White blossom on a wild cherry tree in the Forest

Are we seeing signs of spring too soon?

28 February 2023
Heart of England Forest

The days are getting longer, and we have already started to see signs of spring in the Forest. Whilst colourful early spring flowers, bursting tree buds, and bird song are welcome indications of warmer days ahead, is it all happening too soon?

Daffodil and bluebells in the spring, covered in a ground of snow

Weather changes due to climate change

Worrying reports from across the United Kingdom are stating that spring is happening almost a month ahead of schedule, and this could be detrimental to our flora, fauna, and wildlife. We are experiencing milder winters and warmer weather due to the effects of climate change, and this has been the case this January and February. As a result, we are seeing some wildlife appearing sooner when there is less food available to them and buds and flowers are already emerging in our woodlands. 

Our Head Forester, Stephen Coffey, and Biodiversity Data and Survey Officer, Sam Macvie, share their insights and concerns for woodlands and future biodiversity.

A wooden birdbox attached to a tree. Leaves are starting to emerge

The impact on biodiversity

Sam Macvie, from our biodiversity team, states that it is the uncertainty and irregularities in the weather that is concerning, as it does not allow wildlife the chance to adapt and causes mismatches in the food chain.

There are particular worries about the migratory bird species that visit the Forest. They are negatively affected by warmer weather as these incredible birds time their arrival and breeding to when their prey is at their peak. However, migratory birds have not yet accounted for their prey peaking earlier in the UK, and we suspect to see them arrive too late, much like last year.

However, the Red Listed spotted flycatcher and the Amber Listed willow warbler, that both migrate to our woodlands to breed, have been recorded already in the Forest this year, so seem to have benefited from the earlier spring. We will continue to monitor their habitat and hopefully provide them with a safe and sustainable environment to allow them to continue to breed in the Forest.

A willow warbler sitting on a branch
A willow warbler sitting on a branch

Ways you can help

The best we can do is to try and mitigate climate change, and you can play your part at home. Now is a great time of year to clean your bird baths. Birds need water for drinking and bathing. Water is particularly important when natural supplies may be frozen, and in dry and hot weather when water can be harder to find.

With there being a natural mismatch in prey and predator emerging from hibernation at different times, make sure that there is bird food available, and that bird tables and feeders are kept clean to discourage diseases spreading. More information on how to attract and help birds in your garden can be found here:
Information on How to Help Birds - The RSPB

A close up of a mature tree - there are new leaves starting to grow

The impact on woodlands and trees

Head Forester, Stephen Coffey, explains the impacts that climate change is having in the Heart of England Forest this year in particular:

“The greatest challenge that climate change is presenting right now for us in the Forest is the unpredictability it brings. And with weather patterns changing so much, such as an early spring, no one can predict what we will be facing in the next few years. This makes planting and managing woodland in a futureproof way extremely complicated.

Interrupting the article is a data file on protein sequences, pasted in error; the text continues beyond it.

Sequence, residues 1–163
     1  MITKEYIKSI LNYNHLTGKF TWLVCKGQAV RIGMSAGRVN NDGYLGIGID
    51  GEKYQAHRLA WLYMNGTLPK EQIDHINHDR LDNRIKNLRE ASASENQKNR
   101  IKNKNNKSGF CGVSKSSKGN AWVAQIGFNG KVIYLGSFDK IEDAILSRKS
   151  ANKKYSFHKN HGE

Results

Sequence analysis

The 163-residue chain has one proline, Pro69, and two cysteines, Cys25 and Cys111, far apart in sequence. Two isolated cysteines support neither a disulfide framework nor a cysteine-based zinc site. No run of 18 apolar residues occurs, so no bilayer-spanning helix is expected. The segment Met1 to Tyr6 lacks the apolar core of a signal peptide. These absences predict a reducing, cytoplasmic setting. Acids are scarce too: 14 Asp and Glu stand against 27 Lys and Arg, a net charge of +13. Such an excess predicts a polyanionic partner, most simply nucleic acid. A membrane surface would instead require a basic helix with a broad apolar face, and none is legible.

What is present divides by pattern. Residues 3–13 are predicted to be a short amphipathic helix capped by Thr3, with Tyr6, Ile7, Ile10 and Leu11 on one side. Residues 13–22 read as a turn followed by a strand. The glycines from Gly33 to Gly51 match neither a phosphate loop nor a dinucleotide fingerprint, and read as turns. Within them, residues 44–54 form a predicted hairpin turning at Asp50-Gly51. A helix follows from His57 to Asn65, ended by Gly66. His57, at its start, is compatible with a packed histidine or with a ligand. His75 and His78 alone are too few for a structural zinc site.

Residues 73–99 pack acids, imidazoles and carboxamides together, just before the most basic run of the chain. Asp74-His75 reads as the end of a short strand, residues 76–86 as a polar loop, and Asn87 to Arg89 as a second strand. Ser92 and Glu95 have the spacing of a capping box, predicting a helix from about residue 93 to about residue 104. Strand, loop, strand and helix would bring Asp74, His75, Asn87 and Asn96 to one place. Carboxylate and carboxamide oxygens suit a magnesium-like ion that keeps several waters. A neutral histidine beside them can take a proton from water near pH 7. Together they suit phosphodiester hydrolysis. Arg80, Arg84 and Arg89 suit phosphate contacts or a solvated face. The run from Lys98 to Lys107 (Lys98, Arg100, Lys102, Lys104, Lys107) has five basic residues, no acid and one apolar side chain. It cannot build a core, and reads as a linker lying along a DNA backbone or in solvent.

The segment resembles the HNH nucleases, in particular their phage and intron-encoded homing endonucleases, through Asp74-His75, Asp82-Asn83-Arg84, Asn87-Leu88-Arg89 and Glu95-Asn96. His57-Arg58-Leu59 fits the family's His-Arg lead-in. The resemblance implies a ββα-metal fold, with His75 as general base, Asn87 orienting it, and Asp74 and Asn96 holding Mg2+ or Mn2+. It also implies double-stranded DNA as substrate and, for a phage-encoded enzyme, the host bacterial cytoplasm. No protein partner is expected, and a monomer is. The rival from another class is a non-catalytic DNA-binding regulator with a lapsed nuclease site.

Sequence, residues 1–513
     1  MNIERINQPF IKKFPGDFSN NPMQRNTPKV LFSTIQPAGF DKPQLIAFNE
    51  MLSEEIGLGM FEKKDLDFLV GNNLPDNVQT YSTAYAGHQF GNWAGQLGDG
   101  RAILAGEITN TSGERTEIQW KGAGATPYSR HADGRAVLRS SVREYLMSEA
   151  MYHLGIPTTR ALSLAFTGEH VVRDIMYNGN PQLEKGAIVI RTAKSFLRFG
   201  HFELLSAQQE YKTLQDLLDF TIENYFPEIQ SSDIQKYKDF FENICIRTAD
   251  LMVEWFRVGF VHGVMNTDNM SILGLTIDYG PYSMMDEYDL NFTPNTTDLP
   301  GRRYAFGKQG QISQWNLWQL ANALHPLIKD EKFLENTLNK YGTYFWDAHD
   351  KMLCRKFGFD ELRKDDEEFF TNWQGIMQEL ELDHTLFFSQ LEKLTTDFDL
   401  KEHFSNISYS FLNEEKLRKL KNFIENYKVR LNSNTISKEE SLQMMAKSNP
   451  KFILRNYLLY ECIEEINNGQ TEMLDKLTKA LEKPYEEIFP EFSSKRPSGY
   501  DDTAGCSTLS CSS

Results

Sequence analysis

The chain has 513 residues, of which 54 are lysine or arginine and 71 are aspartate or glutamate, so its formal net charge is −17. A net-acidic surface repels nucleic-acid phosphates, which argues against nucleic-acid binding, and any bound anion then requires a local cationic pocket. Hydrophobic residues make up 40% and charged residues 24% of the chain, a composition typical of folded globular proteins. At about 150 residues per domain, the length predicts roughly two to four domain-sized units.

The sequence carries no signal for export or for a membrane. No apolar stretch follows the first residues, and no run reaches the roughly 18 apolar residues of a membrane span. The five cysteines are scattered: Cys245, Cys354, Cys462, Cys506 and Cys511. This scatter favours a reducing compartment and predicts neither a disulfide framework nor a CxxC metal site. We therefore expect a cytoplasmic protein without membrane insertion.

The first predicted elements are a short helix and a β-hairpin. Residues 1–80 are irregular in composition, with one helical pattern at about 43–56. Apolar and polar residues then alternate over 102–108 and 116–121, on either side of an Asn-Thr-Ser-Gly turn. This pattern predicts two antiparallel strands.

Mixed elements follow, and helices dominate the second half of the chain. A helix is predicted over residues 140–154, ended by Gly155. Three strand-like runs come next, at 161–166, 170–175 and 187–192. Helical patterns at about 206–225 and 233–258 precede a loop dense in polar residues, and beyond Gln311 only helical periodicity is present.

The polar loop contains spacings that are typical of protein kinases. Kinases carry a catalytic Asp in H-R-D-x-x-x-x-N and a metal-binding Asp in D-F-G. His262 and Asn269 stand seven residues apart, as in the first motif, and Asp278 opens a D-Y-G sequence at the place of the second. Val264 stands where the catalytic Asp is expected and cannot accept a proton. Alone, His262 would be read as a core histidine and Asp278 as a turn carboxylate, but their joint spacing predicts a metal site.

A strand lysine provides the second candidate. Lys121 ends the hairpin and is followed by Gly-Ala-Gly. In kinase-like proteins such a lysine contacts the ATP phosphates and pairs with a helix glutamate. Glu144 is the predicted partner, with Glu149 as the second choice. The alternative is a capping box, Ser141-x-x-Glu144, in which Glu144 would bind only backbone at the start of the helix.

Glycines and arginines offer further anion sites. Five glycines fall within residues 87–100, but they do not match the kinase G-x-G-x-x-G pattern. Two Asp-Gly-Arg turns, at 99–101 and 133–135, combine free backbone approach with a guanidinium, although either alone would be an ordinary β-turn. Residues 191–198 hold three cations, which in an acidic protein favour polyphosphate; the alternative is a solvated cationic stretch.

Like many other conservation organisations, we are working hard to adapt to these challenges, and are keeping up to date with new scientific research on the topic. Our tree species mix is a resilient one and this year we have planted over 26 different species of trees and shrubs across the Forest. This will ensure good survival in the future if one or two species fail to thrive.” 

However, a concern is if we see an imitation spring, later to be caught out by a harsh, cold spell in late March. “An early flushing of the leaves and then a late frost severely damages the leaves. The energy used to flush and swell the leaves depletes the tree, and it will also lose photosynthesis capacity while it replaces the leaves. While this will most likely not have a significant impact on the majority of trees, vigour would be lost, and a stressed tree is likely to be susceptible to pests and diseases. The earlier the flushing the more chance there is of being caught by a frost event.”

Head Forester Stephen reassures us that although we have seen the effects of an early spring on trees around the Forest, we should rest assured that trees are extremely durable, and many will long outlive us: “Ultimately forests and woodlands are incredibility resilient and, although they may look different in the future, they will certainly still be around in some form. Our task is to ensure as much woodland as possible is given the opportunity to thrive, not just survive, in the uncertain conditions created by climate change.”

How you can help

What can we do to protect young trees and trees that stand alone? It is important to keep to the footpaths within the Forest and your local green spaces, as walking over non-marked areas can damage the soil structure over time. This compaction hinders vital nutrients passing through to the tree’s roots.

Good soil structure can take many years to build up through organic matter such as wildflowers and green manure. However, it can be destroyed very quickly by walking on the soil especially when it is wet. Please be mindful when you are out and about in the Forest this spring, as walking off track now could impair the soil quality and have a detrimental effect especially if we see heatwaves like we did in 2022.


Blackthorn tree with leaves staring to emerge

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